Guest Blogger: Iyana Jenna
Lucy, I’d like to say thank you so much for having me on your blog. I would like to share with your readers my new m/m short story, A Midnight Caller, published by Bitten Press.
I’m a writer. Right?
I just read a blog post about how difficult it is for someone to show others that he is a proper writer. The blog writer said, rather sarcastically, that if he writes 1,000 words a day, then he is a real writer. It’s not enough that one is published because right now everyone can publish his own work.
My question is, why do you need to be called a proper writer? Aren’t you one already? You write something—doesn’t that make you a writer? Whatever you write, whoever reads it, wherever and however you share it, whether it’s for your own satisfaction or other people’s joy. And who says authors should publish books? What about those working for a magazine or newspaper? Script writers? Copy writers? They have the title ‘writer’ attached to their job already. They might not need to write 1,000 a day to show that they are writers.
Just do what you love to do. Write, and enjoy the ride. No matter whether others call you a writer or not.
A Midnight Caller
Actor Ashley Ferguson had received several mysterious calls for the past couple of nights. The caller said he was also an actor. Ashley tried to find out who he was and guessed it was Colt Harper, a young actor whose show was also playing on TV. Ashley thought of reporting the calls to the cops several times but he kept delaying doing it.
One night after Ashley was finished shooting someone grabbed him in the parking lot. The man said he was the midnight caller. Ashley was afraid that his earlier guess was wrong and his decision not to report to the police would end up really bad for him.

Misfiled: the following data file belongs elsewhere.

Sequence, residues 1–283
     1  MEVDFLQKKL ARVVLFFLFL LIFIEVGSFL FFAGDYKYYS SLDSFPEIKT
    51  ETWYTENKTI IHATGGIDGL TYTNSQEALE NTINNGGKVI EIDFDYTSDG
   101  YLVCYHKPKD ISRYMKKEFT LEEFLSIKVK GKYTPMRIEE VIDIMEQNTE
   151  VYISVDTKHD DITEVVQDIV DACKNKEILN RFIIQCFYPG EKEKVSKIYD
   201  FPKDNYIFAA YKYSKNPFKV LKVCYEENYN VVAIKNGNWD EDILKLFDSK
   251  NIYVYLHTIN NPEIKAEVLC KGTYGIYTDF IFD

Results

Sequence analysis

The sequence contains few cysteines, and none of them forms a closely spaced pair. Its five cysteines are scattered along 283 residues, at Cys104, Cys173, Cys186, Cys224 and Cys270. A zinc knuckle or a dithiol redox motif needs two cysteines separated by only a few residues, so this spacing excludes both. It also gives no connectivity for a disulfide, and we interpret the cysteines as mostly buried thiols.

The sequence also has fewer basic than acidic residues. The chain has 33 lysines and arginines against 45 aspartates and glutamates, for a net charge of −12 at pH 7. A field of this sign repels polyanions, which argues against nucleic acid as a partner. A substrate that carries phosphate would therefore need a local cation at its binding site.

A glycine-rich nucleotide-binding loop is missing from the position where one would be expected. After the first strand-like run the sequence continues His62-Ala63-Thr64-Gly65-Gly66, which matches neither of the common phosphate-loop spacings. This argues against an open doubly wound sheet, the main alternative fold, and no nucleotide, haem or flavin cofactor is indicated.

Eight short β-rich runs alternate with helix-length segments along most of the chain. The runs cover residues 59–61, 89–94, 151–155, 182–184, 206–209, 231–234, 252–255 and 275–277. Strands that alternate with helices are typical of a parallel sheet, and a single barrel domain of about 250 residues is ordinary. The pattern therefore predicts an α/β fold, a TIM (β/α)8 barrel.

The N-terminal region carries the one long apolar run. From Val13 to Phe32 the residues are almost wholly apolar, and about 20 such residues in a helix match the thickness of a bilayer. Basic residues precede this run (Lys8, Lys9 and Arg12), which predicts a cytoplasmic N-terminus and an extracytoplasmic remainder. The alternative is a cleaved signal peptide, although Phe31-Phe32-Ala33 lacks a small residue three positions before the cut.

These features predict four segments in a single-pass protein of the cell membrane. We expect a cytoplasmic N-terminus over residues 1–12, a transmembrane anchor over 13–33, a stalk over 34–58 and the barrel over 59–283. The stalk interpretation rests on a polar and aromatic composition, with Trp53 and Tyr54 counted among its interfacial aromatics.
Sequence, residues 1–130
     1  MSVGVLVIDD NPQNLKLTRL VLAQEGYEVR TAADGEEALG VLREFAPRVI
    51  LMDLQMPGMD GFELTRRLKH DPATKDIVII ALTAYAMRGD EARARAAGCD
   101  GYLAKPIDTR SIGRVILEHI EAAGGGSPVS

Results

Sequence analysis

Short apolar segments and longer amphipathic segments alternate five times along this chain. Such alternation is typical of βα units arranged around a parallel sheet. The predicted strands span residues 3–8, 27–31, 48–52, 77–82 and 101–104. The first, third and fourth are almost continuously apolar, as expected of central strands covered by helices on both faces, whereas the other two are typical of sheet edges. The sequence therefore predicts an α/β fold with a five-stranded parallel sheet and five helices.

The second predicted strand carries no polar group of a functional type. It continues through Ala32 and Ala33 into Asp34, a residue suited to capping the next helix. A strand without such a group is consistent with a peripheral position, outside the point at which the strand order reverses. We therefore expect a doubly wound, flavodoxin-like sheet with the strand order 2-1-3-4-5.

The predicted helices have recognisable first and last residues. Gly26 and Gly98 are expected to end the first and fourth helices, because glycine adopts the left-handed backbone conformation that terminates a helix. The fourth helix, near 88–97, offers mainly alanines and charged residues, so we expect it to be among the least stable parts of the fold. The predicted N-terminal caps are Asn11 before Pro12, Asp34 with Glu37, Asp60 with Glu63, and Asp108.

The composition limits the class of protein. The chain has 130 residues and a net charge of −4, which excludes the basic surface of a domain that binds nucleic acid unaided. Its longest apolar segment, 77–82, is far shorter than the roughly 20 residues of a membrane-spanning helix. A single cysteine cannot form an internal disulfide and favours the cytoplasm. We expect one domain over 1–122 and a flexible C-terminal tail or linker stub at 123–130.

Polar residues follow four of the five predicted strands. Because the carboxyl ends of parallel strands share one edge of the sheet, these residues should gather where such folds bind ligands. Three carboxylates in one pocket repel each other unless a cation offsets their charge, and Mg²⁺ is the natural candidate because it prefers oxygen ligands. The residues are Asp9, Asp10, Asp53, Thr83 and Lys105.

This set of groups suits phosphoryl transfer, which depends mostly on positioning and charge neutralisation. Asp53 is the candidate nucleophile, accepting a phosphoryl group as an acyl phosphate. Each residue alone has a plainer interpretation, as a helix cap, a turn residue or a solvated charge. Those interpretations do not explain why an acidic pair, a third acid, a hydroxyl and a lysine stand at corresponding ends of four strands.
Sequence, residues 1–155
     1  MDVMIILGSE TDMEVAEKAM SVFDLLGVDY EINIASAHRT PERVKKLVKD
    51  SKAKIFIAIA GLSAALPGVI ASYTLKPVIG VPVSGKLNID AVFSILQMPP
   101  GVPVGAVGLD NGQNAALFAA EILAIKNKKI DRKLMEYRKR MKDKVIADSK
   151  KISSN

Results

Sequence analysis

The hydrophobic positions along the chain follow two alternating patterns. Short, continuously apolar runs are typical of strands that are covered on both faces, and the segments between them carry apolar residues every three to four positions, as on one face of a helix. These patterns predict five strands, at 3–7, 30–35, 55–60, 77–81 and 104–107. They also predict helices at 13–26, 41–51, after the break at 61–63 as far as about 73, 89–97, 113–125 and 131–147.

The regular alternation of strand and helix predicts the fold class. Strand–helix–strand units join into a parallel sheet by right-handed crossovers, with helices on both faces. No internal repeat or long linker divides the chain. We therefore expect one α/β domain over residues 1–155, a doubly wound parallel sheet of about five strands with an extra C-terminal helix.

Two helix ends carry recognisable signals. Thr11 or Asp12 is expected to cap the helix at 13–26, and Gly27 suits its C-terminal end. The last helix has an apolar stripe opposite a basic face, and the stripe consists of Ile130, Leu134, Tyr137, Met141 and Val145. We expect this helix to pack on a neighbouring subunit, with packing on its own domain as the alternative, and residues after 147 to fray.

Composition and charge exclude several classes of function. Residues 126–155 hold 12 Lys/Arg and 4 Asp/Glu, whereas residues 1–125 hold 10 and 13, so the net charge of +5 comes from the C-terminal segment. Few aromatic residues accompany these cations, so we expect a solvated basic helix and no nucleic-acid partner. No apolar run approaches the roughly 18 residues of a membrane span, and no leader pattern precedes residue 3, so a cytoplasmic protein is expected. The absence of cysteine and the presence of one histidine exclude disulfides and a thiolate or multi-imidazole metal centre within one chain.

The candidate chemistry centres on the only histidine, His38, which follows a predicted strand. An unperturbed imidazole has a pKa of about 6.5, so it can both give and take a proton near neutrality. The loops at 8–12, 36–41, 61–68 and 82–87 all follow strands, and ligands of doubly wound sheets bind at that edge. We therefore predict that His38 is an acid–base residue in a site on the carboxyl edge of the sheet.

“Hey, I’m sorry, man…”
“And you said you’d call the next day but you didn’t.”
“Oh, were you expecting that? Sorry to disappoint you.”
“Shut up. I’m just so stupid. Get out of my life, okay?”
“Hey, wait. Please, I didn’t mean that. I’m so grateful you want to talk to me.”
“I don’t want to talk to you.”
“Yeah, I know. I mean, thanks for giving me the chance to talk to you. By the way, Ashley…”
“Listen. You sound like a good kid. Why don’t you tell me your name and end all this weirdness?”
“And then we can meet?”
“We’ll see about that.”
“Don’t you want to see me?”
About the Author:
Iyana lives in Jakarta, a city famous for its traffic jams, a lot of cars and motorcycles, and people selling stuff on the roads. You can spend two hours on the road going to a place you can reach in half an hour in a normal situation. Thanks to the traffic jams, though, Iyana can come up with a lot of stories, mostly shorties, as she prefers to spend the time during her trips writing into her cell phone rather than sleeping.
Another thing Iyana loves is kitties. Right now she has five of them. Their names are Larva, Nyil, Cil, Mermood, and Horus. When she doesn’t write, she plays with them, or they would play with her when she writes.
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